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  18. Spierce, Thanks for your comment. Just to clarify for the other commenters, are you quoting Kevin Keating or is this your reaction to Noah?
    A lot to contemplate here...be back with you soon.

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  19. spierce46@gmail.comJuly 31, 2014 at 7:23 PM

    I just liked what Kevin said so eloquently, I said this...and was not as nice .... I think it speaks to the cluelessness of unquestioning believers , that they would go to a movie just because of its title and blame the movie industry for not presenting what they expect. Get a clue please , A 600 year old Biblical figure is not going to be played by a Hollywood gladiator hunk without some story changes, what did you expect ? Really ? I went to see this movie because I knew it would give me new insight and give me new things to study up about , I had
    No idea that the mental state of so many Christians in America has been so impeded that they can not tell the difference between allegory and fiction . Yes there was a real Noah , but we do not have actual information about his personal thoughts , so just get a grip... The Movie Noah is about you , the father figure of the household making decisions based on only a few facts , and a limited amount of insight , just like passing judgments on a movie you were not prepared to see, and just can not get your mind around it , so you call it stupid ... And wish for something simple that you can get , right off . The works of Shakespeare would be lost on you too , so just admit it was over the heads of average low information Christians and you should have been more discerning than you were . There are bright students in every class , and there are some students who do not comprehend the lessons....should the ones that do not understand more advanced lessons , demand that the brighter ones be dumbed down and only like what they like and can understand?

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  20. JIm Zoino rambles on: I walked out of the theater after about 20 minutes. I was expecting a biblical epic and in 5 minutes realized I wasn't going to get that. After 10 I thought I'd get a 'modern retelling' of the story and didn't. At 15 minutes I felt I was being attacked for not recycling and then I left (Al Gore punched me on my way out).
    The bible speaks of the wickedness of mankind as the reason for the flood. It specifically lists corruption and violence (NIV). All that said, the lesson is to be excellent to each other and to obey our God. Be good stewards of the earth too; it's a gift from God. (Worship the creator, not the creation).

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  21. Thanks for jumping in on this, Jim. I'm with you on liking a good movie, even a retelling if it has the substance of the truth. The movie, Noah did a lot of preaching on current themes yet lost the essence of the True story. If they had billed it as that, at least we would know what to expect :)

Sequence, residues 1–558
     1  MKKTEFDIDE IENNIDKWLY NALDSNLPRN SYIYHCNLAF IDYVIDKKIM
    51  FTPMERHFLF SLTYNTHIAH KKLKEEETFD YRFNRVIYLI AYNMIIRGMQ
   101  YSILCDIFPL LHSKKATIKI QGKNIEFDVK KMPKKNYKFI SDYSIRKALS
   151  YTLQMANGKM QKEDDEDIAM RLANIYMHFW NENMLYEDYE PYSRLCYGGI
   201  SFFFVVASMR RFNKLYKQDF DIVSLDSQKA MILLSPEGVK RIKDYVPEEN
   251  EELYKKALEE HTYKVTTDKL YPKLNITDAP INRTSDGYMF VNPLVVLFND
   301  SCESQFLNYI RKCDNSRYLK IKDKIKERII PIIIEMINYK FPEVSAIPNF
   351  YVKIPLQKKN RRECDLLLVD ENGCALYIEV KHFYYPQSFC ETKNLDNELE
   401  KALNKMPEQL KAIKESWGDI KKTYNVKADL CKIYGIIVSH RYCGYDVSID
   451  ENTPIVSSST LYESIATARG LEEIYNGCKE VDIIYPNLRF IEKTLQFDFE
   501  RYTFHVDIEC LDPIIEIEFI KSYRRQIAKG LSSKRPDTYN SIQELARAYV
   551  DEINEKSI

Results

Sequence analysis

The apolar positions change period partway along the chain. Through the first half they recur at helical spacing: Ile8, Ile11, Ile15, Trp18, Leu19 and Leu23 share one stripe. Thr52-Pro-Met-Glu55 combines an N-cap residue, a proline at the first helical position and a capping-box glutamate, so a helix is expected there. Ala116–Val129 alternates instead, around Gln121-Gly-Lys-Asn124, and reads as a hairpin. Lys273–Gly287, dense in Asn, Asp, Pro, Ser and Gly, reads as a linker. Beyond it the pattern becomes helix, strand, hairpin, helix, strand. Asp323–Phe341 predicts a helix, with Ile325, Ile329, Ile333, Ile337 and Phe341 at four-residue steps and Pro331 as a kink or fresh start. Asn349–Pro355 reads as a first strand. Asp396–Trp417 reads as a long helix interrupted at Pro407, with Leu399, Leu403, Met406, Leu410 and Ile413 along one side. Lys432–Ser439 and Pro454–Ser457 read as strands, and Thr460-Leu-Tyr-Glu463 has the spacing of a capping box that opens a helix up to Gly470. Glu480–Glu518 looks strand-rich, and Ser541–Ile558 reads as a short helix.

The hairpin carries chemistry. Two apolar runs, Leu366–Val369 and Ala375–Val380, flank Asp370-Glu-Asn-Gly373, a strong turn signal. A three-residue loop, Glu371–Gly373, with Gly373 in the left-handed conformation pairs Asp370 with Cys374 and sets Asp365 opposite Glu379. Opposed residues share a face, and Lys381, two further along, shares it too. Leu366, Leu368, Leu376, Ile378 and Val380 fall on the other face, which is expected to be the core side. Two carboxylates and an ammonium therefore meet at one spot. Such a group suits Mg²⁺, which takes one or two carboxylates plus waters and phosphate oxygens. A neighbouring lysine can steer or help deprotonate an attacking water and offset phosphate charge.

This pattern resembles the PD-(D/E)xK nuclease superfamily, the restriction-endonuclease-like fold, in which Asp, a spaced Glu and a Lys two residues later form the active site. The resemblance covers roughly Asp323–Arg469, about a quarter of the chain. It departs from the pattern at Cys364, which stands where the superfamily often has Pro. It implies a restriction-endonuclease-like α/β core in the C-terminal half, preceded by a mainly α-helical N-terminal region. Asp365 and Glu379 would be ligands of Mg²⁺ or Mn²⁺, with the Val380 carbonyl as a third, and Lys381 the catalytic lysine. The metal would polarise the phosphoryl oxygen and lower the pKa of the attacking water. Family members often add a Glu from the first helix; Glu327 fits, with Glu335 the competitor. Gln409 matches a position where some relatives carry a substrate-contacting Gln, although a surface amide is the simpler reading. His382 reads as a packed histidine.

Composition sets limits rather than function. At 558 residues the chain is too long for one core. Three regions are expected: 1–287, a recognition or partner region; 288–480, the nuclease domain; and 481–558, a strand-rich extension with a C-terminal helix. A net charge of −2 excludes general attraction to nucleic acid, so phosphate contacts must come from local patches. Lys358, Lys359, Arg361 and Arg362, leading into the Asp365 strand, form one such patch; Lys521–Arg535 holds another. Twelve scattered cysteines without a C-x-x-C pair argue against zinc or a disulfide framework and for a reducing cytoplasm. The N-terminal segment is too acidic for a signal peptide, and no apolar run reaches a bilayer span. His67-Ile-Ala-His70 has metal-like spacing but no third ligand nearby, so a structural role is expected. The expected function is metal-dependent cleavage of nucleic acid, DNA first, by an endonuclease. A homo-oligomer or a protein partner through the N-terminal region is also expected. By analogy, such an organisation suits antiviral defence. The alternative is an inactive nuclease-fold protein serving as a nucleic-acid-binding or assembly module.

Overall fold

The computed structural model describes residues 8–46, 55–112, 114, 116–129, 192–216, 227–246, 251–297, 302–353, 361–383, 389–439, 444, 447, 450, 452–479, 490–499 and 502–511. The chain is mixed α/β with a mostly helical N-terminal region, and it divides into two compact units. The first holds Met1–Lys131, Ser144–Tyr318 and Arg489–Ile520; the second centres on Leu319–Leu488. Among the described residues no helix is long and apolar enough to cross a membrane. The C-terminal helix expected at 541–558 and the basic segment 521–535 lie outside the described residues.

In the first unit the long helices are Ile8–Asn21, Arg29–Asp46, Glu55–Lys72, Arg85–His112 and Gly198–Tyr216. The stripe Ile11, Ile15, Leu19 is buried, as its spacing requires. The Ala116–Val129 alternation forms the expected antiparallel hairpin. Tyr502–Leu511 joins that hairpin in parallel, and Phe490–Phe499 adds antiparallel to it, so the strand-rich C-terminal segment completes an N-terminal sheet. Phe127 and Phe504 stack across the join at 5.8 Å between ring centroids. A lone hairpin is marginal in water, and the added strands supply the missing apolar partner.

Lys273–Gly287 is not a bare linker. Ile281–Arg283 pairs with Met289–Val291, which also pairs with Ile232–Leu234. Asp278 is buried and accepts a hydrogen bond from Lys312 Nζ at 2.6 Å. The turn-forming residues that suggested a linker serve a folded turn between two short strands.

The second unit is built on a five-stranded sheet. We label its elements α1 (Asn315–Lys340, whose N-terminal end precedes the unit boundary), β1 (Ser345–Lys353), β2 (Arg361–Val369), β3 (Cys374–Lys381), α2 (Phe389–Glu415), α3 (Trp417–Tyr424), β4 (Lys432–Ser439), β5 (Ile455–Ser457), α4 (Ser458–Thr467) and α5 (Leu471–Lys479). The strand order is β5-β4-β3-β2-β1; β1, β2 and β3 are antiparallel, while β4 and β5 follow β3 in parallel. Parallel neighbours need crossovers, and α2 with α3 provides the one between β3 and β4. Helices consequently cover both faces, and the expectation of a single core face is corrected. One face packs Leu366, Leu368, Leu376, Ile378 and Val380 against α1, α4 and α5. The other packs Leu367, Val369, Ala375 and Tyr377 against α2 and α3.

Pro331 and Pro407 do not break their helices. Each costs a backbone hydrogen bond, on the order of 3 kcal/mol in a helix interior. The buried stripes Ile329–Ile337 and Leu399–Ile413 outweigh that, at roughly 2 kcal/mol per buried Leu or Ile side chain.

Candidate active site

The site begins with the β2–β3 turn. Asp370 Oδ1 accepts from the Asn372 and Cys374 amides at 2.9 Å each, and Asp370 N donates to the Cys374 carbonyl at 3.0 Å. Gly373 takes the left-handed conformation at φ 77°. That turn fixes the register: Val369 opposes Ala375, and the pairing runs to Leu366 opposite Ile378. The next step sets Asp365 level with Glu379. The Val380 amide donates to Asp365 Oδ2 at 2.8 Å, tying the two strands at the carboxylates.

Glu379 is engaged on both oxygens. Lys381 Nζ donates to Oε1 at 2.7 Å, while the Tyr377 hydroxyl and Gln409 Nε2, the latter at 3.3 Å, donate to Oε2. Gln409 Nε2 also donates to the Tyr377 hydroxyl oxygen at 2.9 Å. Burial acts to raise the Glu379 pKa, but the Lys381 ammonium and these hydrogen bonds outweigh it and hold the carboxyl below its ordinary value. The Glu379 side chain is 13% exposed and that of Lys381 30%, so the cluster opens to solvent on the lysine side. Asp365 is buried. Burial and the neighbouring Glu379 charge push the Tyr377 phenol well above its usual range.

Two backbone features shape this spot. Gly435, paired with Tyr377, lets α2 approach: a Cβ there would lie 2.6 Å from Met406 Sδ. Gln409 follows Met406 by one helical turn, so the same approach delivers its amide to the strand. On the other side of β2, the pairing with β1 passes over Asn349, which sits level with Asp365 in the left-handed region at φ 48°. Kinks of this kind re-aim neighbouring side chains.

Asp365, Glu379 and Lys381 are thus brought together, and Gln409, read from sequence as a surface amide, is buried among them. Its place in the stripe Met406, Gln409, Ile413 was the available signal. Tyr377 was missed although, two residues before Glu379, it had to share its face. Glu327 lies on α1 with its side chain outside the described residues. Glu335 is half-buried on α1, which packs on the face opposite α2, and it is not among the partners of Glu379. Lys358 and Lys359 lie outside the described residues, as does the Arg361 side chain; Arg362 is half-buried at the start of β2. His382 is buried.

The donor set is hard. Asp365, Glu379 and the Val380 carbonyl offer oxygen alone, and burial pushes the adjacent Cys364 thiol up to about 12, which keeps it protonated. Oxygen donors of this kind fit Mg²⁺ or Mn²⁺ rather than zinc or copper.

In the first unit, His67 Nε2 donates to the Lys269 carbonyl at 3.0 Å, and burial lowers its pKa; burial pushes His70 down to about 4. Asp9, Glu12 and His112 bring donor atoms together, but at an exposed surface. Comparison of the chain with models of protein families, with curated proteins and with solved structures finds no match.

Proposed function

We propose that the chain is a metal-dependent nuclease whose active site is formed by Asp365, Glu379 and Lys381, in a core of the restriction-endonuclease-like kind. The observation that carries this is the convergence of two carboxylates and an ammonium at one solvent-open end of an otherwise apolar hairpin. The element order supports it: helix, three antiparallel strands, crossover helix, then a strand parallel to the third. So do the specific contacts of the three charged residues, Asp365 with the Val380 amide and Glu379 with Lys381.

I read an interesting commentary connecting the movie, Noah with Gnosticism. Very interesting. But like the serpent in the Garden of Eden, the message of Noah is a dangerous deception.

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  23. SPierce, I held off on publishing your second comment because of its harshness. Sounds like you don't think much of Christians in general.

    I would still like to know if you personally liked or disliked the movie, Noah and why?

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  24. spierce46@gmail.comAugust 3, 2014 at 9:55 PM

    You are a very nice person , thanks, here is what I like about the film that was first a science fiction graphic Novel and not The Bible .......

    A taste of metaphor and allegory in a science fiction format ..or we live in a comic book culture after all
    Wait , I first saw this film all alone in a highly meditative mood expecting a Science fiction re telling like Star Trek that might give me insight into how to help mankind through allegory ,on this planet too, we need help . I took a class on the Study of the Future in college where we looked at The prophetic power of movies to both entertain and also impart a vision or insight , in a word Art films . Not everyone's cup of tea , but never the less, this Noah movie delivered what I was looking for ,and then some. A strange planet destroyed by the wicked, an anti hero who just wanted to keep his family safe is given prophetic dreams that he needs help to understand , he must deal alone with the task that is revealed to him , he has to piece it together on his own , has a basic understanding at first then is over whelmed by the evil he sees in himself and all mankind , this movie should not have been touted as a Bible epic, but a film of Biblical proportions. It is a great film on a grand scale asking questions that need to be answered that only science fiction is brave enough to ask. This movie is not supposed to be a Fully Biblical account .. It is a strange unfamiliar planet that is more easily explained and explored by suspension of your reality . It is a re-telling using other Noah accounts and stories from other cultures as well , it is not what Christians thought they wanted . It is a Sci - fi based graphic novel written by the director and then turned into a Big budget movie
    Using Biblical Accuracy as a standard for judging a movie not soul based or derived exclusively from the Bible is not unlike judging the wrong category . This was a graphic novel (Read comic book ) originally that the director choose to bring to the big screen with its Science fiction elements intact . Planet of the apes , by Rod Serling , twilight zone style ,
    I fully respect anyone's right to view or show Bible stories from the Bible exactly verse by verse how the Bible says, but this is not the purpose nor the stated ambition of this film . It is a journey to a place in time we have never gone before , the film holds you in with new ideas and possible and impossible solutions , it is not a mockery of anything , it supports many biblical themes and yet speaks from its own script , just as Shakespeare used Some Biblical wisdom , but created new stories. King Lear was not much like the King Lear in Shakespeare, so why must Noah be anything like the one in the Bible , and why insist on such a control if this is Science fiction?